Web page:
Social media savviness. Killnet appears to be extremely attuned to social media. In particular, the group would often discuss their attacks and exploits on platforms like Telegram and VK [3]. The group also tends to announce targets over its Telegram chat channel to crowdsource attacks, a practice it has generally followed since the group’s inception.


Targeting of government websites. So far, countries hit by Killnet’s attacks fall into one of the following categories: (i) countries that have applied to join NATO; and (ii) those that have impeded Russia’s war effort directly or indirectly. From websites that host vital services to the public, and to those of various political parties, Killnet has on multiple occasions targeted government sites. Analysts speculate that these attacks are both to signal displeasure at the actions of targeted countries, as well as to warn of more severe consequences.


Collaboration with other groups. Additionally, Killnet has been observed to collaborate with other pro-Russia hacktivist groups; Xaknet and F*cknet both announced plans to work with Killnet in March and May 2022, respectively. Together, they have conducted “joint operations” to take down various government sites and other CII.



The conflict has seen the unprecedented and extensive participation of hacktivists groups such as Killnet. These actors are unpredictable, generally answer to no overall authority and are focused on building their reputation as hackers, by racking up disruptions or defacements of the online assets of combatant states.


In the case of pro-Russia hacktivist groups, their main tactic so far appears to be causing disruption via DDoS attacks. So, what can organisations do in these conditions? Organisations should adopt appropriate prevention measures and ensure to remain vigilant, monitoring for attacks and mitigating them accordingly. Examples of measures include configuring enterprise networks with request rate limits and setting up a Web Application Firewall; organisations should also update their firewall configurations with the latest data. Organisations that require so may also consider purchasing cloud-based DDoS protection services, which alleviates the pressure of DDoS attacks onto the cloud. Organisations are advised to approach security consultants for a more tailored approach for their infrastructure. Lastly, in the event of a DDoS attack, they can also reach out to their respective ISPs for assistance.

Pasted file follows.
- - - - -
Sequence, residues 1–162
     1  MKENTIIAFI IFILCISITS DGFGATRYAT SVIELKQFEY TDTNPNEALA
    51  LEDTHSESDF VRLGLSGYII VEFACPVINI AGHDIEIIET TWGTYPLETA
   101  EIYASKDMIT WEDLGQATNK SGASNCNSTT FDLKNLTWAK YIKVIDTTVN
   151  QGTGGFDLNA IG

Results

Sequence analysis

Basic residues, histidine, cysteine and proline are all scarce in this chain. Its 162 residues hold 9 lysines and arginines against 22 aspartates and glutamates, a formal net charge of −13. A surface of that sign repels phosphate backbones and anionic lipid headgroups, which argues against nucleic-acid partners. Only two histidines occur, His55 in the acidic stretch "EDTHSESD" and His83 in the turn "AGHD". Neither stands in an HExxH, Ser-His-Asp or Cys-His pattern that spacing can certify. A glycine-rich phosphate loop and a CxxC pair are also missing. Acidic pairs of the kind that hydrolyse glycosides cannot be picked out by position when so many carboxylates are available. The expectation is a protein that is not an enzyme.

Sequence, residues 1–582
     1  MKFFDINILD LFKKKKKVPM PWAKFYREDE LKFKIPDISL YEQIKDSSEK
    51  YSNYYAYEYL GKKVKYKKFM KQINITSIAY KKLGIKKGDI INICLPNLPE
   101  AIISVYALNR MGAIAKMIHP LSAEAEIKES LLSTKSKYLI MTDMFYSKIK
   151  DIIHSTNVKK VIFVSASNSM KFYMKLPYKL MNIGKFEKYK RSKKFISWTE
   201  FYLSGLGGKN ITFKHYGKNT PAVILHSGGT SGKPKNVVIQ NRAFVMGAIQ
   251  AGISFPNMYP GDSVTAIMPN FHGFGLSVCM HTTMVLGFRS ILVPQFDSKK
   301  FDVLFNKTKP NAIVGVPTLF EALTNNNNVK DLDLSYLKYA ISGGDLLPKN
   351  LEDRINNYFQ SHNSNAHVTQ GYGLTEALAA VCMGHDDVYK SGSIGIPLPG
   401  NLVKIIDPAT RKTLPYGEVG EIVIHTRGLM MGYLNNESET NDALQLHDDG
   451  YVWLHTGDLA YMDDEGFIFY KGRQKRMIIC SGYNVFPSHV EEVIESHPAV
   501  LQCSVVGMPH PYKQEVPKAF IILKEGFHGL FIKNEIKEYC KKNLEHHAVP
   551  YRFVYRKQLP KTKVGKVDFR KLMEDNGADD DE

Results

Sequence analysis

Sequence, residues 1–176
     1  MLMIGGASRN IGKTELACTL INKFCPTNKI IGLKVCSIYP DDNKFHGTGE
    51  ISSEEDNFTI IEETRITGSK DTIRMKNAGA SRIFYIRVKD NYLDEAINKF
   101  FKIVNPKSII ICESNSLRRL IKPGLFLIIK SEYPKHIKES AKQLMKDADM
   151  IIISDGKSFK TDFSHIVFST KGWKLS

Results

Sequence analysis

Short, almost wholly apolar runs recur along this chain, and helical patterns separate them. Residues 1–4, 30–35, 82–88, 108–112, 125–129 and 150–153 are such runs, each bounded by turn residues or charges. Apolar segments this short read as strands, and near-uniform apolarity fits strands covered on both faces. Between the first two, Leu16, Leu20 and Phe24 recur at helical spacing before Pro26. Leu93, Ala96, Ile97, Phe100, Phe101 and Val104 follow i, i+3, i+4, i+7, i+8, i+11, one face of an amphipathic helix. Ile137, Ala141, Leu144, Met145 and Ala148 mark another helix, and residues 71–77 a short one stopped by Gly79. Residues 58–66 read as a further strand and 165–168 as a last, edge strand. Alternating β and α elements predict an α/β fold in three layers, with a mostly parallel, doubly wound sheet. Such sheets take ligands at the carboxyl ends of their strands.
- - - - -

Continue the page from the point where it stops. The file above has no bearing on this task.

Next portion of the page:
For further details and mitigation measures, please refer to  SingCERT's advisory on actions to strengthen your cybersecurity posture amidst developments in the Russia-Ukraine conflict.



Checkpoint, CISecurity, Digital Shadows, Forescout, Intel471, Mandiant, Norton, Security Intelligence, The Washington Post, Wired.


[1] A Distributed Denial-of-Service (DDoS) attack is an attempt to use a collection of compromised computers (or botnet) to flood a system such that its service goes down or is slowed down temporarily.

[2] In networking, multiple “layers” form the computer networking protocol. Each layer is crucial to the process of transmitting data and has its own weaknesses and mitigations; hence organisations must account for the security of all layers.

[3] VK, or VKontakte, is a Russian online social media and social networking service. 

[4] This refers to Lithuania’s decisions to close train routes in and out of Russia’s Kaliningrad exclave, cutting off supply of steel and other metal products. 



Report a Cybersecurity Incident

SingCERT encourages the reporting of cybersecurity incidents as it enables us to better understand the scope and nature of cyber incidents in Singapore. This will enable us to issue alerts or advisories on relevant threats, and assist a broader range of individuals and organisations.
Report Incident